To measure even the smallest resistance changes, the strain gauges were connected to full bridges (please see figure 2). Thus, it is possible to display the bridge deflection. With the help of ANSYS Workbench 19.1 the qualitative strain of the strain gauges was determined for the specified force direction.
How can a passive and cost-optimized sensory foot for load-bearing walking robots be developed? This research question was approached as part of a robotics project of the Simulation, System Optimization and Robotics Department of the Technical University of Darmstadt.
With the help of HBM strain gauges for transducers a 3-axis force sensor was developed to regulate the motion control of the robot.
Development of a passive sensorial foot for load-bearing walking robots that is more cost-effective than the sensors available on the market.
Based on HBM strain gauges for transducers a 3-axis force sensor was developed to regulate the motion control of the load-bearing walking robots. Due to a pre-coated adhesive layer, the processing of the strain gauges was not only very easy and process-optimized, but also delivered very good results.
12 HBM strain gauges for transducers were connected to full bridges to measure even the smallest resistance change. The considerable results of the first test run will be further optimized in a consecutive project.
The 3-axis force sensor is based on an aluminium feather-spring component in a cylindric beam-structure. This setup is easy to produce and cost-effective.
To measure the forces in x, y, and z direction, three strain gauge full bridges were installed:
- Measuring the z direction: Four transducer strain gauge rosettes K-TA11K3/350 were installed inside the feather-spring component with a cold curing two-component adhesive.
- Measuring the x and y direction: Eight transducer strain gauges K-LU13K1.6/350 were attached outside of the feather-spring component. Due to the stick-on design the transducer strain gauges could be applied hot and user-friendly.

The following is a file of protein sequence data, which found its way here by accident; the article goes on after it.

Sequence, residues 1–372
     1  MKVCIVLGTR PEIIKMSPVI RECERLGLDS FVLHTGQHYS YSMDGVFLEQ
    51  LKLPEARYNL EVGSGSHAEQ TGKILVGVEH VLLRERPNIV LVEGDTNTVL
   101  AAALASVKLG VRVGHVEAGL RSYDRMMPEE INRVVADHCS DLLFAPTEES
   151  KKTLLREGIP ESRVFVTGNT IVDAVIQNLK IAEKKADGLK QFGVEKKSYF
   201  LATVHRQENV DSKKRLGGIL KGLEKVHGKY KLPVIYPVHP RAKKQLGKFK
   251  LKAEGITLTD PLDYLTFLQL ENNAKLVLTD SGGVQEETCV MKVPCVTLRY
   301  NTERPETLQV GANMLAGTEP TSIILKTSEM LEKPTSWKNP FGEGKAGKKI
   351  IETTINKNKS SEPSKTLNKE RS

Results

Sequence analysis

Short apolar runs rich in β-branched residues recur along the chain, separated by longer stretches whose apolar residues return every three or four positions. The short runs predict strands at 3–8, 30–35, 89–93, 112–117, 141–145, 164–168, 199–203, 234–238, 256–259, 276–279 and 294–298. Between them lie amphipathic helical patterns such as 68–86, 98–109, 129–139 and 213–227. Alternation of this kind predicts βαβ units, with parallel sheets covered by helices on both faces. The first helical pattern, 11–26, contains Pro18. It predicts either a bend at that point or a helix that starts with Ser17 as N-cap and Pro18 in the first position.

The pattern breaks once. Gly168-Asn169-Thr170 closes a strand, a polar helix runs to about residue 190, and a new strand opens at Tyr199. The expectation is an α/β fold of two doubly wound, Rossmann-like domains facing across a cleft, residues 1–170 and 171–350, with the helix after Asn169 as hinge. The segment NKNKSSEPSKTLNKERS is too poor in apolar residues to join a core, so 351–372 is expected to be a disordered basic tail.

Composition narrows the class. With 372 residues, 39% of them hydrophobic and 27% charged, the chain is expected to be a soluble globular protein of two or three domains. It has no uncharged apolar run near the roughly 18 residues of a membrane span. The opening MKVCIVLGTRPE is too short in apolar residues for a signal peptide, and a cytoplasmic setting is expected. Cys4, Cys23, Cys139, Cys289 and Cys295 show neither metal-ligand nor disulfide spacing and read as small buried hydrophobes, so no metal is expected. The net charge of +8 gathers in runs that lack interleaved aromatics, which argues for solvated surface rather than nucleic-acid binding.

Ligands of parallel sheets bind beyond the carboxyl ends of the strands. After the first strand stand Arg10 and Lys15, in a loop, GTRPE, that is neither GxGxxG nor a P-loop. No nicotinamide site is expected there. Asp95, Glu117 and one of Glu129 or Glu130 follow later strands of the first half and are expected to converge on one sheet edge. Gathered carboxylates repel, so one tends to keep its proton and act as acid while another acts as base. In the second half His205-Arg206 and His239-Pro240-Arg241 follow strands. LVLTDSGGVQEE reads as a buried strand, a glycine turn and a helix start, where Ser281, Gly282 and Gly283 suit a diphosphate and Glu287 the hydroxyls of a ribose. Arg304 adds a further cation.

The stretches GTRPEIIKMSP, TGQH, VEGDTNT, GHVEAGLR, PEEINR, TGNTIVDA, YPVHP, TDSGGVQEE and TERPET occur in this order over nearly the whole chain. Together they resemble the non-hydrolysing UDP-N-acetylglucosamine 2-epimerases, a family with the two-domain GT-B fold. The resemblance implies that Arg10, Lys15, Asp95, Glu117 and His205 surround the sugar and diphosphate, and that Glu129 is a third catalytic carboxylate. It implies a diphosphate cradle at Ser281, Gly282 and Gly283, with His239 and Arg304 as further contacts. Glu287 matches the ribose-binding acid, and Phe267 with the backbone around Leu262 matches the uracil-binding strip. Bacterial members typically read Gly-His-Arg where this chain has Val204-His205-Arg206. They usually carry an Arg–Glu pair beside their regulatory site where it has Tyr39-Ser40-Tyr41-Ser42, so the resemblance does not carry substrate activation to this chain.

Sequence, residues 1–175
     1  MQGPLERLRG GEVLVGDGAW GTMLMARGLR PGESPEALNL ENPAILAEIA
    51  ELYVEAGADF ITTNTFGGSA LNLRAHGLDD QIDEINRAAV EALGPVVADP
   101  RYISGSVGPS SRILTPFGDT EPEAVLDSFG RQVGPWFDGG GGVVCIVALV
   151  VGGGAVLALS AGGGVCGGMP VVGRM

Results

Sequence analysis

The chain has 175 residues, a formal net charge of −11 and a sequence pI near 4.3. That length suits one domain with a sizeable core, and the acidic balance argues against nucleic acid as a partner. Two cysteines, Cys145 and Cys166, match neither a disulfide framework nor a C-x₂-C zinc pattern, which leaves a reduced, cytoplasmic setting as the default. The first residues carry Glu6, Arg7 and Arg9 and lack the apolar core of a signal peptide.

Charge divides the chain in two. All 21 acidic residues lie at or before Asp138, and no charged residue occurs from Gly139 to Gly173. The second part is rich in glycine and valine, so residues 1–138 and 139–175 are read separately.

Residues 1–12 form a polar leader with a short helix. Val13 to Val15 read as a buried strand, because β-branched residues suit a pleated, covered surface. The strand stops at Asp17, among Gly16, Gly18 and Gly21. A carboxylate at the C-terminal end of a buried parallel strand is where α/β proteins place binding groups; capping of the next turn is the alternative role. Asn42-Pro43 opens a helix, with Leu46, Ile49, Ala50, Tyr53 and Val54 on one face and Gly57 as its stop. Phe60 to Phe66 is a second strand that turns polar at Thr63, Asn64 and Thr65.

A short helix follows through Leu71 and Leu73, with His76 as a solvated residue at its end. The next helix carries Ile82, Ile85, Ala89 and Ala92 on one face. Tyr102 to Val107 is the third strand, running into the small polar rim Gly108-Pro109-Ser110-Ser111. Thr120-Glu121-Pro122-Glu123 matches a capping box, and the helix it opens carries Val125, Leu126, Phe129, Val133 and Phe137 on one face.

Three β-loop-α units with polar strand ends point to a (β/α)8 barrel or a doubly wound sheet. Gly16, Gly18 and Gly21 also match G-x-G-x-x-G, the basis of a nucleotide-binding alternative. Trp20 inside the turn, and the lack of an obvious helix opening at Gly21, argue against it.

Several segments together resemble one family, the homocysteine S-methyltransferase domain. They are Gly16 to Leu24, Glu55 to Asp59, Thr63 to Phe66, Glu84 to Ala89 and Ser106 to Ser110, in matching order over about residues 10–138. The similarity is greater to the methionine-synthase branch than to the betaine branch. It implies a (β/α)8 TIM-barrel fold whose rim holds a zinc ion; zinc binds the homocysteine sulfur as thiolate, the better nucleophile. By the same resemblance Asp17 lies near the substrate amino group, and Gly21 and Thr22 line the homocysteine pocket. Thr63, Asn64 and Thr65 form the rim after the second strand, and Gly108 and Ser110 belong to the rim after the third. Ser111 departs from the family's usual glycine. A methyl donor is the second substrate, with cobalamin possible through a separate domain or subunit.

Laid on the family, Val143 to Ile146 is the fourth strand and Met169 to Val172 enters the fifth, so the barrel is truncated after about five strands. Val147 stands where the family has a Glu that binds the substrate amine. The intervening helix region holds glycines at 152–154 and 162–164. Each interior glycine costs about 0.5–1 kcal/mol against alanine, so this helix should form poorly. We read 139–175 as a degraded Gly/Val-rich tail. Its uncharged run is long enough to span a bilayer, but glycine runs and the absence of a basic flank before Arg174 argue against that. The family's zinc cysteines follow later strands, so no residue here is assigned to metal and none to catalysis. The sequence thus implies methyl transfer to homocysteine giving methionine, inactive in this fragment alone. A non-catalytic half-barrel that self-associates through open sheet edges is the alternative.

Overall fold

The strain gauges are arranged like demonstrated in the figure 1. Strain gauges number 1-4 measure the z direction, strain gauges 5-12 measure the x and y direction.
To verify the 3-axis force sensor, a prototype was developed. This prototype was evaluated and calibrated in a first test run. With the help of the calibration devices, the spring body is loaded one after the other in the three force directions.
The calibration conditions for the input and output were as follows:
|Zero signal x-channel (mV)||11.42|
|Zero signal y-channel (mV)||5.13|
|Zero signal z-channel (mV)||-28.90|
|Power supply voltage (DC current in V)||3.3|
|Measuring Range (V)||+/- 0.156|
|Gain factor x-channel||16|
|Gain factor y-channel||16|
|Gain factor z-channel||16|
The calibrated measurement curves are shown in the orange, green and black graphs. As a comparison value, the reference force measurement is also shown in the blue graphs.
Mean absolute deviation from the reference sensor and average relative error:
|Force direction||Mean absolute deviation (N)||Average relative error (%)|
|Fx||approx. 3||approx. 1.5|
|Fy||approx. 4||approx. 2.6|
|Fz||approx. 23||approx. 3.1|
The results of the first test run clearly show that considerable results have already been achieved with HBM standard strain gauges. To further optimize the results of the mean absolute deviation and the mean relative error, a follow-up project is being conducted at the Technical University of Darmstadt.
The Technical University of Darmstadt is one of the leading technical universities in Germany with high international visibility and reputation. Since its foundation in 1877, the TU Darmstadt has been characterized by a special pioneering spirit. Through outstanding achievements in research, TU Darmstadt opens up important scientific fields of the future.